Current Affairs

Are we really on the brink of a house price crash?

It’s barely been a fortnight since the historic referendum vote, but with all the economic fallout which has ensued, it feels as though it took place during a previous lifetime. <--break->Attempting to assess the full ramifications of Brexit at this stage is almost impossible in such unprecedented circumstances – not least of all because the process hasn’t technically begun yet.

But investment and the economy is, by nature, a game of speculation, and one of the areas of the market which appears to be particularly riddled with uncertainty is that of property. Those who feel a world away from making it onto the housing ladder will probably be licking their lips at the prospect of a crash. But, for homeowners, it is a serious business.

The early indicators

A report released by the Bank of England (BOE) this week predicted that house prices could slump by up to 20 per cent on average as a direct result of the UK’s departure from the European Union – albeit that that was cast as a worst-case scenario.

In the immediate term, house price indices among Blue Chip builders and the bigger names in the industry have already taken a significant beating in the past week. Forecasts from the companies have been a mixture of bullish, cautious and grim, thus making it difficult to assess which way things will go. However, BOE governor Mark Carney has issued some reasonably dire warnings on this front too.

The threat of recession could have an impact of its own on house prices too. Those whose financial circumstances change and are struggling to pay off their mortgages will, at best, fuel the recession by having to cut back on their spending. At worst, if they are unable to pay off their loans, enormous pressure will be put on banks and building societies, while repossession of homes on a mass scale would compound house price woe.

Added to this, the uncertain circumstances could well set into motion a firesale among buy-to-let landlords looking to beat the decline, which would apply further downward pressure.

Weighing up the mitigating factors

The other school of thought is that Brexit doesn’t actually have very much to do with the potential house price crisis. First of all, the slowdown of the Chinese economy and slump in oil prices has scared many foreign buyers away from purchasing commercial property, particularly in London, and this had arguably begun to take effect before 23 June.

The Chancellor of the Exchequer has also introduced some measures over the past year or so which, by nature, will have slowed demand for residential property. These changes include increases in stamp duty and tax on buy-to-let properties, while taxes on second homes and more stringent mortgage rules for prospective homebuyers are also in the pipeline.

UK house prices are cyclical anyway, with many booms and busts scattered across its chequered history. The argument that the market is overheated – both within the M25 and beyond – is one that’s been regularly made. Indeed, the UK House Price Index rose by around 30 per cent in terms of index points from the start of 2013 to April 2016, with month-on-month increases in all but three in that time. It does appear to be somewhat unsustainable in itself. So, the question becomes, to what extent would a lack of EU membership be a factor if a crash is to eventuate?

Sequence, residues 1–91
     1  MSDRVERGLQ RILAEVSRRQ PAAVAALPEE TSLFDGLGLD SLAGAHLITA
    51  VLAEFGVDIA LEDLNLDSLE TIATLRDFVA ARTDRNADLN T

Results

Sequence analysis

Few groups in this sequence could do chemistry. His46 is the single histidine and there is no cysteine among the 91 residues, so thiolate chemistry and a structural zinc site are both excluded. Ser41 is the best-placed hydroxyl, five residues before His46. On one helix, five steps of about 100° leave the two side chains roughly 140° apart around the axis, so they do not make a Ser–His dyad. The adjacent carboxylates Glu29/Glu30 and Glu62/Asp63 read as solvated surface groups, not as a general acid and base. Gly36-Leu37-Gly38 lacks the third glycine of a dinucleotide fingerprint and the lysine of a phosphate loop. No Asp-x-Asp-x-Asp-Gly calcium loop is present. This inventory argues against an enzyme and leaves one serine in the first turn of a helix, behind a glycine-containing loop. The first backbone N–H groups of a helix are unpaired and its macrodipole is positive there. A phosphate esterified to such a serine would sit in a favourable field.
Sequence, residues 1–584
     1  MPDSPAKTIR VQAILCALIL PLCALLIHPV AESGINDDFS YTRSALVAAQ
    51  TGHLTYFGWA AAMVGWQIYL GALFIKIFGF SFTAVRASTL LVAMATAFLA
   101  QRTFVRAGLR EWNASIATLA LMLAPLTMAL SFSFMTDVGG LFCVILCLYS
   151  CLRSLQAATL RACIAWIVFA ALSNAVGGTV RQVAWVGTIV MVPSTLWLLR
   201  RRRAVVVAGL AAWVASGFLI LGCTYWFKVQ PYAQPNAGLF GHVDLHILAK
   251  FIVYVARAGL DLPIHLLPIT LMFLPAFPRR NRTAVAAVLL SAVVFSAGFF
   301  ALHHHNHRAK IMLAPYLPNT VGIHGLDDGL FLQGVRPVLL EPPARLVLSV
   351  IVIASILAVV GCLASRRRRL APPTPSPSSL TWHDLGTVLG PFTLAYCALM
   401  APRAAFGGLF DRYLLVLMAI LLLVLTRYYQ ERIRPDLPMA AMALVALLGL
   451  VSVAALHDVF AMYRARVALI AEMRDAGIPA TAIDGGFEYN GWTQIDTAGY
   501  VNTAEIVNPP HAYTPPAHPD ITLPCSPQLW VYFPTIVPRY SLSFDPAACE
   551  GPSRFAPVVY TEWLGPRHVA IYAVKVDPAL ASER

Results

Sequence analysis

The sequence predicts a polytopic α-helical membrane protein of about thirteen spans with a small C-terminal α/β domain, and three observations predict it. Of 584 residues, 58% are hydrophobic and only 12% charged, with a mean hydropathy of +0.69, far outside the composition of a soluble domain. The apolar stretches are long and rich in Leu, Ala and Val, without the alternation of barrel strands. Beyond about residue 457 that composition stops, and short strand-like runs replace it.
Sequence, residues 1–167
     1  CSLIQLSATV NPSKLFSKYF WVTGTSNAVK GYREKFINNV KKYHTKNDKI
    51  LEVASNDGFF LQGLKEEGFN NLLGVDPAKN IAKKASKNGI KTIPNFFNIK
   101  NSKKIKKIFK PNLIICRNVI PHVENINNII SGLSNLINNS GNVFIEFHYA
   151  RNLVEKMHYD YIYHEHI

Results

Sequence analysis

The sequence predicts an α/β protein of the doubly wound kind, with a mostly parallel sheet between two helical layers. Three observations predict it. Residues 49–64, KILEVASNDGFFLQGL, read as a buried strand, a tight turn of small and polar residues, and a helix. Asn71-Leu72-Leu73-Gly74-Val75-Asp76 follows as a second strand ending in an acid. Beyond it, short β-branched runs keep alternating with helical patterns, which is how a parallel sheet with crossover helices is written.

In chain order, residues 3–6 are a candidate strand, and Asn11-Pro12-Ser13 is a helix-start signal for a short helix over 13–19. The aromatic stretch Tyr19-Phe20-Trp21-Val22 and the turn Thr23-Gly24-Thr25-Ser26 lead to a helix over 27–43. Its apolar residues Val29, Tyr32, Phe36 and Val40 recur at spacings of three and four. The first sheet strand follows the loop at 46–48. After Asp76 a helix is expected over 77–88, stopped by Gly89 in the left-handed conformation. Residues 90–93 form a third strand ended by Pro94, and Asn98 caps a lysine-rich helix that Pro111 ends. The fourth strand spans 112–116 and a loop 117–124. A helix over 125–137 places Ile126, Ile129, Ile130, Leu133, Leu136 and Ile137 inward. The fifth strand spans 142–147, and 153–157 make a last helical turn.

The other side of the coin is demand and supply. Home Builders Federation deputy chairman Peter Andrew is quoted as saying that Britain is still “one million homes short of what the country needs.” Few dispute that there is an acute, fundamental housing shortage, and this, by definition, should arrest any slide – coupled with the fact that demand for housing will never realistically cease, and could surge if mortgage rates were to drop even lower.

Making sense of it all

Trying to predict the future tends to be perilous – even for economists. But, like we’ve said before, we are firm believers that the effects of market turmoil and recessions can be exacerbated, and even fuelled, by changes in consumer behaviour. The decisions we take on a daily basis about our purchases, investment prospects and even businesses have a direct knock-on effect to the wider economy, so we all need to play our part in maintaining overall consumer confidence.

Of course, that’s not to say that a big decision like purchasing a property should be made without factoring in disconcerting external issues such as these. But property in particular should always be viewed as a long-term investment, so, whether you’re considering buying or selling, it’s important to weigh this up against any short-term upheaval. And, as far as possible, heed the words of the now-famous poster unveiled to the British public at a time far more turbulent than this: Keep calm, and carry on.

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Michael Todt

Mike joined Lending Works in early 2015 with a background in marketing and journalism. Having long held a passion for economics, he is now the chief contributor to the Lending Works blog, and regularly writes about all things peer-to-peer lending, fintech and personal finance.